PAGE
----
This is what I did. This is an odd piece and I approached it with no plan at all. The structure is made of the covers of a book from which the pages were all discarded. The frame on the right side, is a piece of packing styrofoam which was painted with acrylic paints. I liked the texture and the thickness was just about right. The images were in an envelope - one's I had decided not to use in another project.

These are all things that were lying about on my work table and I was about ready to toss them all in the garbage bucket - but I thought, why not challenge myself to either use them or toss them away. Use it or lose it. It is strictly coincindence that they had any relation to each other, enough to make a cohesive piece. Whatever was left over - was thrown away. This took about an hour - given time for drying.

Touchy Feely books using vintage fabrics and notions.

Do you collect vintage fabrics, or scraps? Do you have buttons that have been passed down from generation to generation of mother to daughter sewing baskets? How about an old quilt so worn out it can't be used?

These are the basics I used to construct this quilted book. It has the smell of old cotton and is very soft to the touch. The little prints were left over scraps from a quilt my sister in law made. On one page there is a picture of my brother and myself as children. The edges are not hemmed or finished. I'm leaving it just like this. I like the unfinishedness of it. A few things were added to give it even more interest for little fingers, like the little bear, the crocheted dress, and the tiny soft doll. In some cases I used transfer methods for the images, and in others, they were printed and just stitched down. I liked the use of beads to form words, and think it adds another element to touch. I hope you enjoy the pictures.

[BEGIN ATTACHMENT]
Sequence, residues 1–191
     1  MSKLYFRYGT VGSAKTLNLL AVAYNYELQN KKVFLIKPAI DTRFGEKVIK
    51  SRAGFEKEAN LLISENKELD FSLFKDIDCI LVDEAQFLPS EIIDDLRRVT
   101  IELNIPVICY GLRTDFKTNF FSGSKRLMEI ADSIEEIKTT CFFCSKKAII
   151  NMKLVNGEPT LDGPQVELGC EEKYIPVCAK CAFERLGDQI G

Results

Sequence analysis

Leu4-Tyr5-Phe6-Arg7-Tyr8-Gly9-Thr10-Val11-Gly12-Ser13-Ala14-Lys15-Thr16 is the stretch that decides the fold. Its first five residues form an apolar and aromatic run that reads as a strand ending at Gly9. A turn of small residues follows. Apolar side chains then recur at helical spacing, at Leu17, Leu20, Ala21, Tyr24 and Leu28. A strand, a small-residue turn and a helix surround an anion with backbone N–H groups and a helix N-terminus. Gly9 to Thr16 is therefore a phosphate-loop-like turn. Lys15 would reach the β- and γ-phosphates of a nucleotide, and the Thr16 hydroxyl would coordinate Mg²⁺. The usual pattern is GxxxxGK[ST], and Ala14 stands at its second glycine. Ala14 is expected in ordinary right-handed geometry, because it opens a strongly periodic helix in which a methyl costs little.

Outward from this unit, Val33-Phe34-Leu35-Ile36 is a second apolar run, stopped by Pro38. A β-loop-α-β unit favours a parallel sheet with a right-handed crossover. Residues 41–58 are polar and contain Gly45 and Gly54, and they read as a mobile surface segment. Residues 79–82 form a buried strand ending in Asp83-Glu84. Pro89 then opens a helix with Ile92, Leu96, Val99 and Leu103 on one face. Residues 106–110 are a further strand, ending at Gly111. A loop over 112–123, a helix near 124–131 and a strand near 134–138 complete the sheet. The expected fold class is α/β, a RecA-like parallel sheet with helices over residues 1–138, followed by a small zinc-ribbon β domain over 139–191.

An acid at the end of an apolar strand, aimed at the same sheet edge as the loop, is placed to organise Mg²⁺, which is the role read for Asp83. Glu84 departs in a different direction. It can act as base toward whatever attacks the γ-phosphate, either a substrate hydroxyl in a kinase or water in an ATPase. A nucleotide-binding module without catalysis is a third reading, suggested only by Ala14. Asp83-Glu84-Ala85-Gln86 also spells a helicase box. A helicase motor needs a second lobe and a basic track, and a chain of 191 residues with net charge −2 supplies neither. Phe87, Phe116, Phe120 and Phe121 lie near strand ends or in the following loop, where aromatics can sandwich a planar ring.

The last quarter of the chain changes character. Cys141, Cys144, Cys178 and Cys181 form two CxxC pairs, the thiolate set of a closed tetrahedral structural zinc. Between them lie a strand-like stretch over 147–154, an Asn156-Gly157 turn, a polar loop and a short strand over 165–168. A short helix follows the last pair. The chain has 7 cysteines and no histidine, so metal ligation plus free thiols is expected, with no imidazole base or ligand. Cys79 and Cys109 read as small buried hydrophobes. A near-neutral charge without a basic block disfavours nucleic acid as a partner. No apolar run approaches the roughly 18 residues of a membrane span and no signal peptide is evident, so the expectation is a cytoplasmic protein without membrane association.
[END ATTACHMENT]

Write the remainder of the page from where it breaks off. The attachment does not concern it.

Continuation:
Remember, there are no rules. When you go to make a soft book like this, just gather the things you love, things you could not part with but have nothing in particular to do with them. Maybe they can go into a soft book. Something that can be a family treasure to pass along, or a gift for a dear friend.

Friday, July 24, 2009

Mini Tutorial - adding textures

Don't you like to run your hands over various textures? Doesn't that help you experience the book? This is a quick spread in a Beach Journal and the cover.